ForeWord Reviews

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How Everyone on the Autism Spectrum, Young and Old, can...

become Resilient, be more Optimistic, enjoy Humor, be Kind, and increase Self-Efficacy - A Positive Psychology Approach

Foreword Review

Imagine a science that strives to promote flourishing and fulfillment for individuals and groups at all social levels, a science that studies what makes life worth living: the science of positive psychology.

Traits such as optimism, resilience, and kindness are all central topics in the growing field, defined as “an umbrella term for the study of positive emotions, positive character traits, and enabling institutions.” This book encourages supporting persons with autism and developmental disabilities by building on character strengths and incorporating their whole life experiences, rather than working with a pathology- or deficit-based model.

An Assessment Scale for Positive Character Traits (ASPeCT), developed by Woodard at the Groden Center in Providence, Rhode Island, is used as a pre-test for professionals who observe children or adults with autistic or developmental disabilities to assess the strength of a wide range of areas. Using this tool among others for the person observed, a plan can be developed for intervening in areas showing deficits and for teaching positive traits.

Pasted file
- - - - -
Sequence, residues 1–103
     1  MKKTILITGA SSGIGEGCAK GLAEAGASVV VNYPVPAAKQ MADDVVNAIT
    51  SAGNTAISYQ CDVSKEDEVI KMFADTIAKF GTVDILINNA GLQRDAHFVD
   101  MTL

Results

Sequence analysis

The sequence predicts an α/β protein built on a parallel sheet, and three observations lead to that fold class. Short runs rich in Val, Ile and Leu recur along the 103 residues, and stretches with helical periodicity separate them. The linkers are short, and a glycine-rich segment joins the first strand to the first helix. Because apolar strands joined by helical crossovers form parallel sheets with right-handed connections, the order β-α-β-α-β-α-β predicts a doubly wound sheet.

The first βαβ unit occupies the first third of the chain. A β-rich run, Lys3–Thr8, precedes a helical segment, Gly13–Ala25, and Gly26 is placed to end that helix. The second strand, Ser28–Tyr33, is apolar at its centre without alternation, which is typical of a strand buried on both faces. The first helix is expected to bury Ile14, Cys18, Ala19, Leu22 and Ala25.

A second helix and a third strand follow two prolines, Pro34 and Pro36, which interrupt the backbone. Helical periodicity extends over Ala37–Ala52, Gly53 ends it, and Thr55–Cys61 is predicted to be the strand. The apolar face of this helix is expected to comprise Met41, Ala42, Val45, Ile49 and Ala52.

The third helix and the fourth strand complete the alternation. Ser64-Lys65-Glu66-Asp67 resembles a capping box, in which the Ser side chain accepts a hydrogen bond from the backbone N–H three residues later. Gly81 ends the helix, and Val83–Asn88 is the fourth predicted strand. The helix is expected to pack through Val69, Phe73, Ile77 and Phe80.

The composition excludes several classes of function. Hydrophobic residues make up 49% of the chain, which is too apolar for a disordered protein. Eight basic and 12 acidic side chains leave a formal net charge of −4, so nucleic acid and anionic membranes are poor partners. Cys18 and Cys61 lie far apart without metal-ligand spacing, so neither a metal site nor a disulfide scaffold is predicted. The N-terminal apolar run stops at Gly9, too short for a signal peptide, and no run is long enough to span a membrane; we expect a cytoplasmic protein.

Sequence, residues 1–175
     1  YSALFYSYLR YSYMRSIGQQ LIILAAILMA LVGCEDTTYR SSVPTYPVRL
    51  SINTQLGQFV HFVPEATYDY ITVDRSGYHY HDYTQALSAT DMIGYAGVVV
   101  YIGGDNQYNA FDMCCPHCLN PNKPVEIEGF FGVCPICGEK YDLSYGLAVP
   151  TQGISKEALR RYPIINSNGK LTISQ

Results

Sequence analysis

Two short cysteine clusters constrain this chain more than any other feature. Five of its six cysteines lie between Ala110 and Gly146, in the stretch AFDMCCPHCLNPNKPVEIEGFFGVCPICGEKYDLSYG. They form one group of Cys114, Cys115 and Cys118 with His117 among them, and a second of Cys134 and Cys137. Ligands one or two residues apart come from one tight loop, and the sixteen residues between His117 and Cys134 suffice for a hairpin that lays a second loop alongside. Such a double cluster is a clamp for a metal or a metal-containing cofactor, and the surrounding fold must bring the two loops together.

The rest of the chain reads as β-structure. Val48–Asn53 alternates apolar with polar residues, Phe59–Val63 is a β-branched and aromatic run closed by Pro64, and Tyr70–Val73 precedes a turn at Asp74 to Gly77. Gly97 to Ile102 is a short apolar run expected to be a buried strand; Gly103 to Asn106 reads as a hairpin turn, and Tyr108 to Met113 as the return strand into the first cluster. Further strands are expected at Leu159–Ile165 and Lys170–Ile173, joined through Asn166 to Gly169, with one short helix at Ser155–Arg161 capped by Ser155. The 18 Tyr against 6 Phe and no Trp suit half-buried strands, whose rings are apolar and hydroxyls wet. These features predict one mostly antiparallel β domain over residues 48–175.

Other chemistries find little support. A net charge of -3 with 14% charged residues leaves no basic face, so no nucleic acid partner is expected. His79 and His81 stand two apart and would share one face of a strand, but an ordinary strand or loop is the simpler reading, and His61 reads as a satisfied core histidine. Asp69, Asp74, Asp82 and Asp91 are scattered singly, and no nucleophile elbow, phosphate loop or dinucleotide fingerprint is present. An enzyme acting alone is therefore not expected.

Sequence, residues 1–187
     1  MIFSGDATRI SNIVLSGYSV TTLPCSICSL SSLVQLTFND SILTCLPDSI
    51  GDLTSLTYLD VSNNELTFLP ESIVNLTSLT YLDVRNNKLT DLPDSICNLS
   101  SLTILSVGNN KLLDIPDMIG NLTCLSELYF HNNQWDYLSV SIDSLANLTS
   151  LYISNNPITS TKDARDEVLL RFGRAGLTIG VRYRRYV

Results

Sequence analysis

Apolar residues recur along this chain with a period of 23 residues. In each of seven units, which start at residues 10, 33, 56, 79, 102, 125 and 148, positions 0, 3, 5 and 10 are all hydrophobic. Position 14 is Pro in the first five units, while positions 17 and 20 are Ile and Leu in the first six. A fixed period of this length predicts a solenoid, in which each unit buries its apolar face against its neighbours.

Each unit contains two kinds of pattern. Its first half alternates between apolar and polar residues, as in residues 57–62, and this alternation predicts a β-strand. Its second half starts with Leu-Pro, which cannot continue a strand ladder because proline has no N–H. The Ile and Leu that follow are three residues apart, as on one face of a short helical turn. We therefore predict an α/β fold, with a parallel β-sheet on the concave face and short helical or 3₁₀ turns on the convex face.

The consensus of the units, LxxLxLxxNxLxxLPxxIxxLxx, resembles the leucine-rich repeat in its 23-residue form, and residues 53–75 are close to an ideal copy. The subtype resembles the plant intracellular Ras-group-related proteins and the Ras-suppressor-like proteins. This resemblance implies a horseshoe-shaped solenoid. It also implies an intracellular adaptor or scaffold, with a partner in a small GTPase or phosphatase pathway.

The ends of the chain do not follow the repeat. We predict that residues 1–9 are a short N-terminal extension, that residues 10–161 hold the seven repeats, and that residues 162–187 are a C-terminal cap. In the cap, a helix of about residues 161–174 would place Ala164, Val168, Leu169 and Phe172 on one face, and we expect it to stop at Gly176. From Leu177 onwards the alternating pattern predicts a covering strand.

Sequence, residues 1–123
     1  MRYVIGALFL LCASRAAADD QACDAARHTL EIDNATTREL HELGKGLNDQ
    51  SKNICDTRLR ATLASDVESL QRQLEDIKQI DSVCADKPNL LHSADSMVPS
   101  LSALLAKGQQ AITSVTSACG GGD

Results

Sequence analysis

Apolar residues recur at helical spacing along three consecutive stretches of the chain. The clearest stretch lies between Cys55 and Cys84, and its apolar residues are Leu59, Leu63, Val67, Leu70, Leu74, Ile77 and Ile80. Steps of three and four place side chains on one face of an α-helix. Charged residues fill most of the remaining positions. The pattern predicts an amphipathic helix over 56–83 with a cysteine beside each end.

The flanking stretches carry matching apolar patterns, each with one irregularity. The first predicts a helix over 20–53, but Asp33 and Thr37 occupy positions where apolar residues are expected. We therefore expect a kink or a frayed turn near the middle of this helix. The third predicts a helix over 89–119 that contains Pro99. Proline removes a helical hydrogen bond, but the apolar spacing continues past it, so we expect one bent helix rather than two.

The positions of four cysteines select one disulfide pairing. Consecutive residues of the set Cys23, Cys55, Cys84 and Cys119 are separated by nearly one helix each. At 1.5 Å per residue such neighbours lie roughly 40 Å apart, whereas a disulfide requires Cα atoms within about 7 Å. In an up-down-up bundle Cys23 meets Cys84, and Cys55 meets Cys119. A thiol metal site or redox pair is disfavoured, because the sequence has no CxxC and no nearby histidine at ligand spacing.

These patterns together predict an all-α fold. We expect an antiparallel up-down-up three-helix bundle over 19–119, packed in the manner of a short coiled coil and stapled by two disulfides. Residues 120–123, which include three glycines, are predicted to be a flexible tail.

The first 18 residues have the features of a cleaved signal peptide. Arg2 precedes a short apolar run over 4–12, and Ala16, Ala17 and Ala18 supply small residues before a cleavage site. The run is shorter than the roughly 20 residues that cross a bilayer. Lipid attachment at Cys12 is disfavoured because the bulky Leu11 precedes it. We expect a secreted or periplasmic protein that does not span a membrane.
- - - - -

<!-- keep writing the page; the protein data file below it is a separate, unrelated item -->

Traits such as kindness, courage, self-esteem, optimism, and resilience are thought to be the positive values to assist in the development of a person’s quality of life, and allow that person to be able to enjoy what school, community, and family life have to offer.

The book is divided into two parts. The first contains a description of each of these five character traits, along with a review of the literature and the rationale for building this trait. The second part contains activities to foster each.

In Chapter 1 optimism is described as “a tendency to expect the best possible outcome or to dwell on the most hopeful aspects of a situation.” The position taken is that optimistic people enjoy better psychological and physiological health, use a wider range of effective coping strategies, feel that they have fewer barriers in fulfilling their goals, and benefit more from social support in times of stress. In Chapter 6, activities are suggested to increase positive outlooks and expectations.

Special sections are devoted to the ASPeCT Scale, the Groden Center Photography Program, and descriptions of some of the terms and methods used throughout the book. A four-page list of references is also included. This is a very thorough and uplifting aid for professionals working with persons with autistic and developmental disabilities.

Penny Hastings